What Today Brings
“No thief, however skillful can rob one of knowledge, and that is why knowledge is the best and safest treasure to acquire.” – L. Frank Baum, The Lost Princess of Oz
The hunger for knowledge came to me later in life. I can’t remember exactly when I became ravenous for everything I could learn about art, history and culture. It certainly was not in my twenties. When I went to England to study at Kings College in London with the University of Kentucky’s theatre program I was interested in what Oscar Wilde had to say, what playwrights Harold Pinter and Bertolt Brecht had to say and what rebels like Friedrich Nietzsche had to say about existentialism and nothingness… slightly pretentious was my young mind but it seemed in tune with my interests. As for the wealth of history surrounding me in Europe, my father used to say, “Erin didn’t see Big Ben or St. Paul’s Cathedral but she saw the pub across the street.” I am not sure what was going on in my twenty-something brain besides how to have fun every way under the sun and moon. It certainly was not studying history.
Maybe it is the realization that our time here on earth is limited, maybe it is the realization that there seems an infinite supply of fascinating people and ideas to learn about. I think my thirst for knowledge also has something to do with the fact that during our brief lives we have very little control of what life deals us and the acquiring of knowledge is something we can control. We can get as much as we want, anytime we want for free. There are countless jaw dropping events that have happened over the centuries on the very paths we walk today. Learning is frankly a great form of entertainment.
My mother lives in North Carolina and we talk every day. She shares with me a craving for knowledge about art, about music, about history and geography. The other day we decided on a new weekly game. Each week we will study a new influential artist and then report back to each other our findings. John Singer Sargent is our first weeks “lesson” and I will share a bit of what I learned with you today.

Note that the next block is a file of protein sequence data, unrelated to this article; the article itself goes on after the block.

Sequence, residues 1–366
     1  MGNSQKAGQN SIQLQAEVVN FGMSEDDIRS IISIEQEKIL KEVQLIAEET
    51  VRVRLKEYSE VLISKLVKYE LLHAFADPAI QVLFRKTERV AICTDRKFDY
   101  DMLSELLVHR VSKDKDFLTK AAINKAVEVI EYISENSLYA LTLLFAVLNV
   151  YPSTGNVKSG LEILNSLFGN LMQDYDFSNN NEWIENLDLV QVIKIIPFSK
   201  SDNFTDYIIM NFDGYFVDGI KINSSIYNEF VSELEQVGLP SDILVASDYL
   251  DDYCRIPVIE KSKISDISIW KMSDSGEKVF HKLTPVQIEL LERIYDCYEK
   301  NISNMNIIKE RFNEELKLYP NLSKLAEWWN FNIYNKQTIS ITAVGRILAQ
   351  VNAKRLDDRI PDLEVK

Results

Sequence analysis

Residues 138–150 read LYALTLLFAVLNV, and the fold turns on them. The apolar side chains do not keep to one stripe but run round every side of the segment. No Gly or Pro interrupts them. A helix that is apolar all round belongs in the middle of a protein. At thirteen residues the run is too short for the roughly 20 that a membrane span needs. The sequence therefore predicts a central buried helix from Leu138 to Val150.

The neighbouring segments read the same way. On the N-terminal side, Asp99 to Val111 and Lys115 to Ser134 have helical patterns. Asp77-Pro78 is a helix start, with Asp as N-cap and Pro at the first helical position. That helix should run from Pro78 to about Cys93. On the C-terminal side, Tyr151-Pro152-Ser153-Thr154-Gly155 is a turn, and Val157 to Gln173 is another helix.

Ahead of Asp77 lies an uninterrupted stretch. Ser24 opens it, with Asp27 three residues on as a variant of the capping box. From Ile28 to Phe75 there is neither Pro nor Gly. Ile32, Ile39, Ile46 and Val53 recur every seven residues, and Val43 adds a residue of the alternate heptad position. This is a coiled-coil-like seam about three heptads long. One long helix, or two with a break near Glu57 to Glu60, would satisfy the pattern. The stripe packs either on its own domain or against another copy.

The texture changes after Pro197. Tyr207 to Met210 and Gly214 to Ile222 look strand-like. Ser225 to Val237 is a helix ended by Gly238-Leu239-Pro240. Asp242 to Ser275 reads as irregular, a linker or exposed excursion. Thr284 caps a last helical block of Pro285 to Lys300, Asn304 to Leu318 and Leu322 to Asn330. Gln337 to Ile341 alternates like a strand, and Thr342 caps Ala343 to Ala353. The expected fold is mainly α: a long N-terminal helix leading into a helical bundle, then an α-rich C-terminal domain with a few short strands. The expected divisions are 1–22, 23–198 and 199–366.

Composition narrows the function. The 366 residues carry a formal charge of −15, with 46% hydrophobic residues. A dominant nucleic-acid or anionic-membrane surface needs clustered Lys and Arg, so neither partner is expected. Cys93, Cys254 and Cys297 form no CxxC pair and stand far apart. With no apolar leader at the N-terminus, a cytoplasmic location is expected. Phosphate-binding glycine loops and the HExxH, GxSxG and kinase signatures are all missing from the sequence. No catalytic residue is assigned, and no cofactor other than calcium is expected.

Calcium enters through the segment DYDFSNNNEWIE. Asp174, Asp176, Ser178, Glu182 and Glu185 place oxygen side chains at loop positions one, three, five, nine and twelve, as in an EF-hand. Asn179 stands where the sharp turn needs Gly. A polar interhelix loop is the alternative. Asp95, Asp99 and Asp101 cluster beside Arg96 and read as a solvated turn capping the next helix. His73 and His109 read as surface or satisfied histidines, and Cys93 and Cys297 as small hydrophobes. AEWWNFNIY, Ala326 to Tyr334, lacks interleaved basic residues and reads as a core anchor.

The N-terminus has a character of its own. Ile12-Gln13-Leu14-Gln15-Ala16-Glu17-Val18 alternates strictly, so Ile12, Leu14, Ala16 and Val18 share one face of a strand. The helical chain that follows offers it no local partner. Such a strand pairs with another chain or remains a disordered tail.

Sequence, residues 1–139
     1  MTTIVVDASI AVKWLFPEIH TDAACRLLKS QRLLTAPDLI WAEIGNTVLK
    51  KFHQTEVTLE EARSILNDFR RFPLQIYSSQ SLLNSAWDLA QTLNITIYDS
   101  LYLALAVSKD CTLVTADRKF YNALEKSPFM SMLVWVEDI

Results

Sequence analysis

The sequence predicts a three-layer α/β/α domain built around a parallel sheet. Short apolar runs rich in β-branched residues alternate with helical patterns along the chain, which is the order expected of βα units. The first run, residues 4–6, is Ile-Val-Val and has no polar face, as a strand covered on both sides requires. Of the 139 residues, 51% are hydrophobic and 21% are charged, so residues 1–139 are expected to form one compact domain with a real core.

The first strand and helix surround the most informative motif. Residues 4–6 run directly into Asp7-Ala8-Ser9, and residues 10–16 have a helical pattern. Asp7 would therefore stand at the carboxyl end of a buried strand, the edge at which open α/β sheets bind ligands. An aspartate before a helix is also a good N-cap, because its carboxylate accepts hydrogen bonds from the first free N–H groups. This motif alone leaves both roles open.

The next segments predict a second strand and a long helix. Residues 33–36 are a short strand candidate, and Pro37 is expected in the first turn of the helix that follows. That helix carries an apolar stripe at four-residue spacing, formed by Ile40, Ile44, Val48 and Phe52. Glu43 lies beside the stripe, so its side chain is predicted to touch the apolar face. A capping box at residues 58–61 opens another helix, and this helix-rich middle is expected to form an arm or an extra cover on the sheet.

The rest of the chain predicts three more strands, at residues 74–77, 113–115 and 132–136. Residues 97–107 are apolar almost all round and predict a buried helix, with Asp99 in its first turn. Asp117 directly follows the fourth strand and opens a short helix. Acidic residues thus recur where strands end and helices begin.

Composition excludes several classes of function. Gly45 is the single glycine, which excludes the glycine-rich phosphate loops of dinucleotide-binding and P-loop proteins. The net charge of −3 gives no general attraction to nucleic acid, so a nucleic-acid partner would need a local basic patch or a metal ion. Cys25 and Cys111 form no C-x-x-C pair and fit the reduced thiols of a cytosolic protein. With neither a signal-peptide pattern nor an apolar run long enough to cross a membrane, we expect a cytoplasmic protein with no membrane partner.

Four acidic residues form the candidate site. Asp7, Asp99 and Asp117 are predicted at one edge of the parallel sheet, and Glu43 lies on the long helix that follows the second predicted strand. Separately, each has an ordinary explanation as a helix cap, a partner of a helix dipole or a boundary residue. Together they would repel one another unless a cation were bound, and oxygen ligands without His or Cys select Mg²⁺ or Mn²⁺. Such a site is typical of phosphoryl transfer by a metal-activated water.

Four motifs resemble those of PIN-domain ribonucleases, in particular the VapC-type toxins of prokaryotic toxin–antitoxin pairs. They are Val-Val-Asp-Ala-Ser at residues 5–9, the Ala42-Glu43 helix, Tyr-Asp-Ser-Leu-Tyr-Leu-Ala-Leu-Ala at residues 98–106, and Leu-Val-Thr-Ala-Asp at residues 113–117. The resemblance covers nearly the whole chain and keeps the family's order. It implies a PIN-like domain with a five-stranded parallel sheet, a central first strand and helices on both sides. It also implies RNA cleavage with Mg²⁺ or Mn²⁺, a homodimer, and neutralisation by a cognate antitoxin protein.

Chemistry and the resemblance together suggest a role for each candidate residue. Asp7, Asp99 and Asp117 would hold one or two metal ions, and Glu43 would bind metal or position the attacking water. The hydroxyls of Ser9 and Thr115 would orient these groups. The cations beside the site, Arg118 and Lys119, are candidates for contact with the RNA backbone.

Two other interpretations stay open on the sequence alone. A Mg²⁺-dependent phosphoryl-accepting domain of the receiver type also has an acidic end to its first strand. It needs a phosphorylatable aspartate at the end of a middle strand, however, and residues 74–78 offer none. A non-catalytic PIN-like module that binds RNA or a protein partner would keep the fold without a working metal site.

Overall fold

You will have to look up Sargent yourself to see his breathtaking portraits or visit the Met or another museum to see his paintings in person. Suffice it to say, John Singer Sargent is an American who could better be described as a citizen of the world. He was born in Florence, Italy in 1856, a place I have yet to visit but my Aunt Mimi calls the most beautiful place in the world. Sargent’s parents were from Philadelphia but were what they called at the time “nomadic expatriates.” Raising their children abroad and educating them by taking them to museums and churches, they created a well-rounded, sophisticated, culturally-minded young man fluent in English, French, Italian and German.
John Singer Sargent traveled from Paris to London to Switzerland to Venice and Corfu, from Montana, Maine, Massachusetts and Florida to the Middle East and Spain. By 1900, he was the most sought-after portraitist of the Western World showing the Edwardian Era of exquisite taste and capturing the essence of the Gilded Age, the time of Edgar Degas, Pierre-Auguste Renoir and George Bernard Shaw.
In Paris, he was known as the wild American expatriate and in London he was often considered a mad French painter. He never belonged anywhere completely which served him well. One of his most famous portraits The Lady with the Rose was introduced at the Salon in Paris in 1882. His famous Portrait of Madame X in 1884 prompted a scandal regarding the risqué nature of his representation of Madame Pierre Gautreau. Sargent had the audacity to present the sensuality of his subject by famously painting the strap of her dress loosely off her shoulder. After the uproar, he re-painted so the strap was properly situated back on her shoulder but the damage was done.
The painter soon moved to London where he became friends with novelist Henry James who described the artist as “civilized to his fingertips.” Sargent was gay but that was not a point of contention for the intellectual circles he traveled. In London, he enjoyed his own gallery and a new lease on his ever-expanding endeavors. Americans traveled to London to get their portraits painted for $5,000 which would be around $130,000 today. Other famous friends included Monet whom he visited in the English countryside and painted, Claud Monet Painting at the Edge of a Wood with which he tried his brilliantly talented hand at impressionism. A stunning painting of author Robert Stephenson is incredibly profound in its simplicity. Portrait of Robert Stephenson and his Wife was thought by Stephenson to be “excellent but too eccentric to be exhibited.”
Like so many, John Singer Sargent was ahead of his time but in the bigger picture of art history, we can look back in deep appreciation for his life and his work. As a gentleman, he was kind to his friends and painted them as they would be proud to be seen. His portraits of Isabella Stuart Gardner, a leader of Boston society, as a beautiful young woman and then many years later at the end of her life, show his sensitivity. He painted his aging friend in watercolor while she was bedridden and receiving few visitors. Sargent chose to glorify his longtime friend and painted her in a sort of Moroccan shroud instead of the bed sheets she was actually wrapped in. That is the kind of warmth of spirit we can all learn from.
So, while I may watch Celebrity Big Brother this evening, I am proud to know a little bit more about this cultural figure, this American icon, than I did yesterday.
P.S. My mom says to tell you not to miss his watercolors of Morocco.